Appendix 2_accepted version_with refs.

Here we provide some examples of diagnosability in the genetic variation in some African
mammals far below what would be reasonable to treat as species. These examples show how
genetic diagnosability as per dPSC leads to unreasonable species definitions.
African buffalo: Seven genetic clusters, identifiable by their microsatellite allele frequencies, were
defined among ten populations in Uganda and Kenya alone (Heller et al. 2010).
Common warthog: Muwanika et al. (2003) found that the western African samples all
grouped monophyletically in a phylogenetic tree of the mitochondrial d-loop. According to the
dPSC, the warthog could be split into two species, a western and an eastern/southern one. G&G
seem to have overlooked the work of Muwanika et al. (2003) and have kept the common warthog as
a single species, which we agree with.
Chimpanzee: Hvilsom et al. (2013) studied the population structure of three of the four
subspecies of the chimpanzee with 25 microsatellites (Pan troglodytes troglodytes, P. t. verus and
P. t. schweinfurthii). A principal component analysis revealed that the western subspecies (P. t.
verus) was quite distinct and the two other fell into distinct, but adjoining clusters (Figure 4 of
Hvilsom et al. 2013). This study has been extended with about 80,000 SNPs. Here it turned out that
the western subspecies was fixed for a different allele than the other two subspecies at about 800
SNPs. The two other subspecies had four fixed SNP differences each (Hvilsom et al. unpublished).
Since SNPs are valid characters in the framework of the dPSC, we could on the basis of this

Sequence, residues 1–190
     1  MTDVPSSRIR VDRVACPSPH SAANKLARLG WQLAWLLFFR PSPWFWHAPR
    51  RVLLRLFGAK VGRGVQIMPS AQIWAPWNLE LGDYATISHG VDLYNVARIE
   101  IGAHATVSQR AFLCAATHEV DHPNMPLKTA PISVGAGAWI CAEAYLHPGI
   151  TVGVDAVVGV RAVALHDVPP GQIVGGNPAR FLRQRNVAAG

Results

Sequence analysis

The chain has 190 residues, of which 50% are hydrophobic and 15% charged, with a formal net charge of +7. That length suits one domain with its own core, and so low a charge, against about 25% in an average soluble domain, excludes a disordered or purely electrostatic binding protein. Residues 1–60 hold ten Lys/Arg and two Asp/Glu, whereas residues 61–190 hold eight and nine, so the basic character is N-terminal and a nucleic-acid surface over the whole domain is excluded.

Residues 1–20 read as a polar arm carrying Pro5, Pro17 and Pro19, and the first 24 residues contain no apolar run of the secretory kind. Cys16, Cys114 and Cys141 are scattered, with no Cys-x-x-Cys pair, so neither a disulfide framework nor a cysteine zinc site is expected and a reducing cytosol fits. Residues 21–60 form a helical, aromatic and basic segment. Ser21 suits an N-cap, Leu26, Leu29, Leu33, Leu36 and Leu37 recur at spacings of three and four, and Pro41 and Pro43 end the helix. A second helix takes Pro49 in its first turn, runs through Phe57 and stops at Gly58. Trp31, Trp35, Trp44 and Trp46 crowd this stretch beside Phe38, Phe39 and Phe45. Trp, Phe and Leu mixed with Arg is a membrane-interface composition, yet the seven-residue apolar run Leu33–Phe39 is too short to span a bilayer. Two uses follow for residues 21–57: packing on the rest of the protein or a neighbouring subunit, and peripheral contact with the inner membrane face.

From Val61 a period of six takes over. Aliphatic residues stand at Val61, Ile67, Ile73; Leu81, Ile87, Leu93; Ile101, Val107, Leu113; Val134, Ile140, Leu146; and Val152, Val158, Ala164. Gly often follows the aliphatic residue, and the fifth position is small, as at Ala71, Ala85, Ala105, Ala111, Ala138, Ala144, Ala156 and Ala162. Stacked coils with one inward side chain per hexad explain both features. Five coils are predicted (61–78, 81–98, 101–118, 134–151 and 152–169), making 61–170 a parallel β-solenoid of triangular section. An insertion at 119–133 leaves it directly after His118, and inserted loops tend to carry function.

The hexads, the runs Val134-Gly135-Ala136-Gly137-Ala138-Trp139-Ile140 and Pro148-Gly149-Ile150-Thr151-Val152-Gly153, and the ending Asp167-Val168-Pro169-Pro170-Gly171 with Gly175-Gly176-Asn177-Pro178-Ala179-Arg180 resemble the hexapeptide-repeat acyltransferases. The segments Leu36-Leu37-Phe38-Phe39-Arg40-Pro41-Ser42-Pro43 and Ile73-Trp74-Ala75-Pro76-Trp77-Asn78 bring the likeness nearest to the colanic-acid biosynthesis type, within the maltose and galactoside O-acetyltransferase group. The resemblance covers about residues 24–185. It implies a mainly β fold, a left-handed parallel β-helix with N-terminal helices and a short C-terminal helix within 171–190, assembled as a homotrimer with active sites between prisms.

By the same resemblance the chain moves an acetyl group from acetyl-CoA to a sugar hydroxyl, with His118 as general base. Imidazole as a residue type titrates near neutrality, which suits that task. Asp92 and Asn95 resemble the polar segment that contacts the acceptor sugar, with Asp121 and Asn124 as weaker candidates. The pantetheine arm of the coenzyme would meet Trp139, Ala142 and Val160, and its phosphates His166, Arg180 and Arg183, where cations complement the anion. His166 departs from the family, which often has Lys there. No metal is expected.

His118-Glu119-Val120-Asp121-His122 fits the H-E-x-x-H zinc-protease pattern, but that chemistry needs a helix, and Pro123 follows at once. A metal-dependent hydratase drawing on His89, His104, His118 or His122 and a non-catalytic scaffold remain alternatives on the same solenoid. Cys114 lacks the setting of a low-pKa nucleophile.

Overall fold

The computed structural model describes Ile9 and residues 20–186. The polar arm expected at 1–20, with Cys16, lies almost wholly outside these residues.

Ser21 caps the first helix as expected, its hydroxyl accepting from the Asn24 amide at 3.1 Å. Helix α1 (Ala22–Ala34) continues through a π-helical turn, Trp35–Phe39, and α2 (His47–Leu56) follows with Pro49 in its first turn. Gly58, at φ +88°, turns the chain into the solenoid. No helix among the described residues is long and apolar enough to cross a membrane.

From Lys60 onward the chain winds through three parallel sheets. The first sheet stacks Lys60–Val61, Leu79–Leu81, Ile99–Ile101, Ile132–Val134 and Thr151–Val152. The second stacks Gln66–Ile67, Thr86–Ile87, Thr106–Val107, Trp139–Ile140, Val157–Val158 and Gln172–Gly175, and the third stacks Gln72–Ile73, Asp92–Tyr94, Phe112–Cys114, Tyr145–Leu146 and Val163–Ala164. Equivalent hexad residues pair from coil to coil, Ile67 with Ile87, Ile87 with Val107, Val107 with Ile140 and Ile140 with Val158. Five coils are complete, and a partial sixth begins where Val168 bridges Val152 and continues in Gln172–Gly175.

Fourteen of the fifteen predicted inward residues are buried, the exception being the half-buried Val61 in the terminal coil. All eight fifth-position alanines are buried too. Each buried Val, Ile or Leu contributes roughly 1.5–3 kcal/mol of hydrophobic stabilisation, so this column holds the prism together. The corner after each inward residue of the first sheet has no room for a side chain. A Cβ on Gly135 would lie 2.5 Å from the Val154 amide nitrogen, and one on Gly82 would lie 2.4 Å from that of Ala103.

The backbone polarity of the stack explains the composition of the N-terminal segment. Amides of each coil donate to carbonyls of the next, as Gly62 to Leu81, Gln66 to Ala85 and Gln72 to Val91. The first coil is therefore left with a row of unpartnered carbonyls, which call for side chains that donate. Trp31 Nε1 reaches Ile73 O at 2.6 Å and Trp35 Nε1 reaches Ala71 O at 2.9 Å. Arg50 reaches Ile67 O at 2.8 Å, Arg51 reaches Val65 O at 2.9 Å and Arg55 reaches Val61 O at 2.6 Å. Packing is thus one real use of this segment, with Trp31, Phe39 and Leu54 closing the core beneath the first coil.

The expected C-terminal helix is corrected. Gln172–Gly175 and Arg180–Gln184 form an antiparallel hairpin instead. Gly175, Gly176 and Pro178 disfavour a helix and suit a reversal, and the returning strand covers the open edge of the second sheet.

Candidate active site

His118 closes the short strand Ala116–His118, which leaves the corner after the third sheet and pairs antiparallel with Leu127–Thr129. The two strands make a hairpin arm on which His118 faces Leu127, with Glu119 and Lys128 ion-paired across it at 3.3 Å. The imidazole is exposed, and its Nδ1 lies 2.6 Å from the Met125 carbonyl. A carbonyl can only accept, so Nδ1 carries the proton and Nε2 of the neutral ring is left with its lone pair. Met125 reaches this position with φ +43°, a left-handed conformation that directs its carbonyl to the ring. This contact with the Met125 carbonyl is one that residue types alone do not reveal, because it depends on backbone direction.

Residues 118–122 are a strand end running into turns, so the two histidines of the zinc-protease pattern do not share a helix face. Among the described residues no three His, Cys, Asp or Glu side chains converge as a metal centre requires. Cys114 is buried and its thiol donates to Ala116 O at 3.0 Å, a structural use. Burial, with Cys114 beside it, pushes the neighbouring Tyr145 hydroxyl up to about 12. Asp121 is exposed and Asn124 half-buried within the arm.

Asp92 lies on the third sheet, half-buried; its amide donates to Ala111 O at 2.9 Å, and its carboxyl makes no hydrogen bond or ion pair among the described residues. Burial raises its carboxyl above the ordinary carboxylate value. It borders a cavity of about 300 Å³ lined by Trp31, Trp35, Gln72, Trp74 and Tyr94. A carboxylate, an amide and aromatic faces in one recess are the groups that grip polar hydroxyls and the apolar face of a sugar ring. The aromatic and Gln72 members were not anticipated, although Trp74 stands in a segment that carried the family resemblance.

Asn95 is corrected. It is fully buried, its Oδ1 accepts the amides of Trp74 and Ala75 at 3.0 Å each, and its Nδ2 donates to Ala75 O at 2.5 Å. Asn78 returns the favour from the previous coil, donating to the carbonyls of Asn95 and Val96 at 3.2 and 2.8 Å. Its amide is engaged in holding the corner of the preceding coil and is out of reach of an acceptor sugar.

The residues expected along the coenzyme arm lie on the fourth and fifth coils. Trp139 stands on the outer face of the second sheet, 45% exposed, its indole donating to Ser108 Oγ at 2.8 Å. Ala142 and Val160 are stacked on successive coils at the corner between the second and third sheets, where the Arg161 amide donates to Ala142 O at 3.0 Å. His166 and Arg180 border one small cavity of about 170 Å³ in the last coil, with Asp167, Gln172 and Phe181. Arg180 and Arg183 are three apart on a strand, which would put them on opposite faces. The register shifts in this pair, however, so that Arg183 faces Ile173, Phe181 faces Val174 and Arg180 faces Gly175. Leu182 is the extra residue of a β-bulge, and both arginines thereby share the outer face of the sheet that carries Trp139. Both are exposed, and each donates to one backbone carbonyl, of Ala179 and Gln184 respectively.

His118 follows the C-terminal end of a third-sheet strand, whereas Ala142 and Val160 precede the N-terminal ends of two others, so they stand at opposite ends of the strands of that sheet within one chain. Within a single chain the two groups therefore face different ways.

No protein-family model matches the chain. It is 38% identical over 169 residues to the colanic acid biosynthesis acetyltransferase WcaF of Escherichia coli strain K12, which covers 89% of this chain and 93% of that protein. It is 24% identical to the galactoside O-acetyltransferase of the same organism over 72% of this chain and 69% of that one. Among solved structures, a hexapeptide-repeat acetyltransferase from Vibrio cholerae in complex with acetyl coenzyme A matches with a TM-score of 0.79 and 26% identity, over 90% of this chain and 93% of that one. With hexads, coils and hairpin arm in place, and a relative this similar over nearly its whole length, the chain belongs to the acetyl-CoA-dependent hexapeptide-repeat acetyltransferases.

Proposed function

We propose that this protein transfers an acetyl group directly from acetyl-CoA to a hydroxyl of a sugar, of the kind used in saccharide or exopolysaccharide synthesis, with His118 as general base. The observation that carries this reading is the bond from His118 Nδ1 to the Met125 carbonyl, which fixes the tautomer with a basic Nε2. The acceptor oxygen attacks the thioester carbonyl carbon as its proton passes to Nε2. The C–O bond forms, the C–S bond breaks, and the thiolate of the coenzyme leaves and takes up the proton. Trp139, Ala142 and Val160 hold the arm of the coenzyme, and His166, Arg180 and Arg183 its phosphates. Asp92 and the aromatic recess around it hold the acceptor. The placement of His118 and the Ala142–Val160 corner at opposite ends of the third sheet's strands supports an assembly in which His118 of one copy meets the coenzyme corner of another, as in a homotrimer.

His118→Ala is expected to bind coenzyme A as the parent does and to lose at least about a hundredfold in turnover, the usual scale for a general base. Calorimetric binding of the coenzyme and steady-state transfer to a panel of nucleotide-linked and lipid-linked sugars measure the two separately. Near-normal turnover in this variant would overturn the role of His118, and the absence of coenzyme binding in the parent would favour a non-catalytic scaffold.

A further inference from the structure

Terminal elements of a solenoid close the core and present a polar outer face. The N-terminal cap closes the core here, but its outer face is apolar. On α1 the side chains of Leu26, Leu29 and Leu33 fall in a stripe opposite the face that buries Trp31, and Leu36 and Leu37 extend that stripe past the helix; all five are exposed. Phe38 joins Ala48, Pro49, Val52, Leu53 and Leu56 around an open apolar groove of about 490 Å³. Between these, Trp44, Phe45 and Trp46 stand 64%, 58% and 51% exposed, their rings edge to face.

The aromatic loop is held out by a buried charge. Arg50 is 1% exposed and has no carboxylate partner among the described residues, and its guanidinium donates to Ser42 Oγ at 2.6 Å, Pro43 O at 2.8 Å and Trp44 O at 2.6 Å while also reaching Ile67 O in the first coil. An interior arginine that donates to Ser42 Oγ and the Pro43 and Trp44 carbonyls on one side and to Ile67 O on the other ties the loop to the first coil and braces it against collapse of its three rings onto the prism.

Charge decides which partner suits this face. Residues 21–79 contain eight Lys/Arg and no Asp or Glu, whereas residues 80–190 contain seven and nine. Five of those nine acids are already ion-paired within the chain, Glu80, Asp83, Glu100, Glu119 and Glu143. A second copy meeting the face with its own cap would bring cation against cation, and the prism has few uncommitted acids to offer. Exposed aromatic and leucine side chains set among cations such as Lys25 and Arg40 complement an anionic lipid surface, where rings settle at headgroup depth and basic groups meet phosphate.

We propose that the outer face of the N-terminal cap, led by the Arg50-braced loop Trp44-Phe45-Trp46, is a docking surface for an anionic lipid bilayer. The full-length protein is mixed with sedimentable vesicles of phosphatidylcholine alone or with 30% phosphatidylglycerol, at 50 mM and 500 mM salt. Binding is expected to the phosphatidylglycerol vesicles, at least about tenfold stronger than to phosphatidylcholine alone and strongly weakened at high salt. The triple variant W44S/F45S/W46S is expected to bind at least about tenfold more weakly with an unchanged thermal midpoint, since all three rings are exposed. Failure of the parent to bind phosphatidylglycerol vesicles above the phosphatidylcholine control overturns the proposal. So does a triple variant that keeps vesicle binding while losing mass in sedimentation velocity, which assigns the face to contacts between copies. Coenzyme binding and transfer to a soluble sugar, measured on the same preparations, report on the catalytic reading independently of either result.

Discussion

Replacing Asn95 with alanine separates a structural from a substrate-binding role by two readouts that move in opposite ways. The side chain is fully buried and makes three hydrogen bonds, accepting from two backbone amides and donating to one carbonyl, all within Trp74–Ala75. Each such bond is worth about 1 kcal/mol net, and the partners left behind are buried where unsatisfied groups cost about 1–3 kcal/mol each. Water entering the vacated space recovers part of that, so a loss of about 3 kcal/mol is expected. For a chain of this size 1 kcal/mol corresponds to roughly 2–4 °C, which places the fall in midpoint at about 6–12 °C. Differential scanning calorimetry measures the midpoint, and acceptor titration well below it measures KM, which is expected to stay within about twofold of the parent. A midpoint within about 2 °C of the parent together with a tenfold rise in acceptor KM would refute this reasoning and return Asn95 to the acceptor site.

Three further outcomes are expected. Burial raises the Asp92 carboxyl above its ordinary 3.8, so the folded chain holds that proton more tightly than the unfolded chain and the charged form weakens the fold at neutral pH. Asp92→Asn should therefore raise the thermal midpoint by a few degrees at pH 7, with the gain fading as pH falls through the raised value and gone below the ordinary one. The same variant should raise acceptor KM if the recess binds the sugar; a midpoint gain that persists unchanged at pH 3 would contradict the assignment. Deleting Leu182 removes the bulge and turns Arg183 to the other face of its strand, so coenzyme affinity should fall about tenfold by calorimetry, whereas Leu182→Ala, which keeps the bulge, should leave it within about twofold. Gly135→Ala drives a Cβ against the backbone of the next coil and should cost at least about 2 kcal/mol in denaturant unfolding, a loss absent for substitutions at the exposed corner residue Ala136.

evidence split the chimpanzee into at least three species. On the other hand, Hvilsom et al (2013)
showed that there is admixture between P. t. troglodytes and P. t. schweinfurthii. In addition, when
brought together in zoos, the different subspecies (including the western) hybridize readily without
any sign of reproductive isolation. Since nothing suggests that these subspecies are evolutionary
individuated we consider them to belong to one species, Pan troglodytes.
Heller R., Okello J.B.A., Siegismund H.R. 2010. Can small wildlife conservancies maintain
genetically stable populations of large mammals? — Evidence for increased genetic drift in
small populations of Cape buffalo in East Africa. Mol. Ecol. 19:1324–1334.
Hvilsom C., Frandsen P., Børsting C., Carlsen F., Sallé B., Simonsen B.T., Siegismund H.R. 2013.
Understanding geographic origins and history of admixture among chimpanzees in European
zoos, with implications for future breeding programmes. Heredity, 110:586–593.
MuwanikaV.B., Nyakaana S., Siegismund H.R., Arctander P. 2003. Phylogeography and population
structure of the common warthog (Phacochoerus africanus) inferred from variation in mitochondrial
DNA sequences and microsatellite loci. Heredity 91: 361–372.